I’m not really a ballet fan. I don’t dislike it, but I don’t go out of my way to watch it, either. I certainly appreciate the skill, athleticism and artistry of dancers, but somehow it doesn’t grab me the way that live music or theatre does. Maybe I’m just resentful that I wasn’t the kind of twiggy, graceful little girl who would have felt comfortable in a ballet class, who knows. Given this — shall we call it indifference? — to ballet, I was surprised to find myself watching Balletboyz ‘Young Men’, a ballet about First World War soldiers screened recently on BBC Two. I was even more surprised when I couldn’t stop watching it.Continue reading →
Posts tagged "culture"
At the weekend, we got back from a week away in our favourite holiday spot: North Norfolk. As ever, it was wonderfully peaceful and laid-back, but we also got nearly a full week of bright sunshine with almost no rain (which was unexpected). I had a lot of fun with my Fujifilm X100T, particularly as the weather was so co-operative. I’m starting to settle in with the focal length, and I’m finding that the creative constraint of having a fixed lens is making me see some interesting compositions, often before I’ve brought the viewfinder to my eyes. I certainly took a lot more photos than I have on recent visits, and you can see some of the best shots on Flickr here (the first 10 or so are from the same location this April and are with my Sony, but the rest are taken with the Fujifilm).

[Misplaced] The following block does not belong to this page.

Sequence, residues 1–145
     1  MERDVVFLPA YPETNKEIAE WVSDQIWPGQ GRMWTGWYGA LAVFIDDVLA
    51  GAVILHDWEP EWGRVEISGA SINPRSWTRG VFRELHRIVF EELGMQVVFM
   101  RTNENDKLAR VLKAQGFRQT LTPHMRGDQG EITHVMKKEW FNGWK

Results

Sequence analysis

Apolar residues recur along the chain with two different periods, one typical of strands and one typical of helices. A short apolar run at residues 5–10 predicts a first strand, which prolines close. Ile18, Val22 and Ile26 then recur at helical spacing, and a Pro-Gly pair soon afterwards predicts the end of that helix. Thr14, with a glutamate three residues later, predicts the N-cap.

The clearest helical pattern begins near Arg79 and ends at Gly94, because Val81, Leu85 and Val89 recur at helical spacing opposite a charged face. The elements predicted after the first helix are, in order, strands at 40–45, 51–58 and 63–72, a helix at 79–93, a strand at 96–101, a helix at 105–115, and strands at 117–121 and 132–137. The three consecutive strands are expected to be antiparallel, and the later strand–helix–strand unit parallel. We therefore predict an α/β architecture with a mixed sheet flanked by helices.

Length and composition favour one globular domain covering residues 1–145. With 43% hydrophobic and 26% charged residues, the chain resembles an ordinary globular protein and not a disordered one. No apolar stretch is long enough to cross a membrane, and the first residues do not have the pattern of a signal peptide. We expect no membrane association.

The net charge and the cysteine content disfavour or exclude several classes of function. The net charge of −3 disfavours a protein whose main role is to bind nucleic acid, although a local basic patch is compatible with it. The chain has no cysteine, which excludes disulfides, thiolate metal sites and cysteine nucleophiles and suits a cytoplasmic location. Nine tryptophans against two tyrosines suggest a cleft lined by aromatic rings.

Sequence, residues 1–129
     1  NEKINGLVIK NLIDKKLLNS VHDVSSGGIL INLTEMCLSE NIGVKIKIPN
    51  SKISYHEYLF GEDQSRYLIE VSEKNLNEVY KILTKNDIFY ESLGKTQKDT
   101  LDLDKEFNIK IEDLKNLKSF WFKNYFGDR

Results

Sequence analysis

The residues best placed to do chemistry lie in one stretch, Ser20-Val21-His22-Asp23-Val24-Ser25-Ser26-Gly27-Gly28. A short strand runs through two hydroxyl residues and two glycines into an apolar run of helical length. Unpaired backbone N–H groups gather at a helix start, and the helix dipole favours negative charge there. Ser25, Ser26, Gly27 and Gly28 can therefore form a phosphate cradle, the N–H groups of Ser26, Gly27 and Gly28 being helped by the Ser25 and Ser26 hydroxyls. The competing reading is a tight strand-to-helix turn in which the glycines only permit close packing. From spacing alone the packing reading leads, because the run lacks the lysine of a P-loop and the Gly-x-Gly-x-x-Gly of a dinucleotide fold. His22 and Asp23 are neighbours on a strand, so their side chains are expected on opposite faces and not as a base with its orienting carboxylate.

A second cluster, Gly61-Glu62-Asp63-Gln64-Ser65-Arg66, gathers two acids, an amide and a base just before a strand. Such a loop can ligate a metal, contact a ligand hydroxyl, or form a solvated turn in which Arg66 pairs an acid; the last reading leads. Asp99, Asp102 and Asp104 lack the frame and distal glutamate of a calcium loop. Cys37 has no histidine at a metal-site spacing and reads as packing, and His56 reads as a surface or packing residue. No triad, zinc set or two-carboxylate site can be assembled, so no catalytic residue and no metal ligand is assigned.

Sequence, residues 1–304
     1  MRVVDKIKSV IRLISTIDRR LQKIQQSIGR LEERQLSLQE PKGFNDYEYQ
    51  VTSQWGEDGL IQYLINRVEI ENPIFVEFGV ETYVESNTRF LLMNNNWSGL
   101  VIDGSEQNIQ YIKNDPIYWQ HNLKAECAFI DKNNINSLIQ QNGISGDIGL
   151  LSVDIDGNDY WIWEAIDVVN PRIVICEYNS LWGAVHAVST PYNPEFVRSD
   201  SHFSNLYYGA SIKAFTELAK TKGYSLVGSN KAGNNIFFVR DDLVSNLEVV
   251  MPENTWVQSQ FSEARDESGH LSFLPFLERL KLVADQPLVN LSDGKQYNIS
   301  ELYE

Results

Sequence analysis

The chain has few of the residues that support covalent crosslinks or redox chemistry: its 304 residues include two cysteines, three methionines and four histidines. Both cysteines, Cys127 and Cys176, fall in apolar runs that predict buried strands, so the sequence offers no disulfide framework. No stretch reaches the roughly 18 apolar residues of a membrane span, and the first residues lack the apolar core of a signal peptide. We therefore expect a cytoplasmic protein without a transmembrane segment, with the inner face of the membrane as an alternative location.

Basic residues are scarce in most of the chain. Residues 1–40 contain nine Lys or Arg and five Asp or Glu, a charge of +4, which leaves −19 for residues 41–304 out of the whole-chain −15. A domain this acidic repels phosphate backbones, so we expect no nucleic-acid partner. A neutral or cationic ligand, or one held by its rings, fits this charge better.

We managed a nice mixture of doing things and doing nothing1. On one of the doing things days, we re-visited a National Trust property called Felbrigg Hall. We’ve been there a few times now, and have enjoyed wandering around the extensive gardens and parklands, as well as seeing inside the house. This time, we noted that an event (the artists, Strijbos & Van Rijswijk, call it ‘physical cinema’) was happening at Felbrigg called Walk With Me. The idea is that you walk around the parklands and gardens wearing headphones connected to an iPad. The artists have planted geotagged sound beacons around the area, so that as you walk, you hear sound effects, music and dialogue, triggered when you enter the radius of one or more of the beacons. These overlap in quite an artful way, so the effect is usually natural and seamless.Continue reading →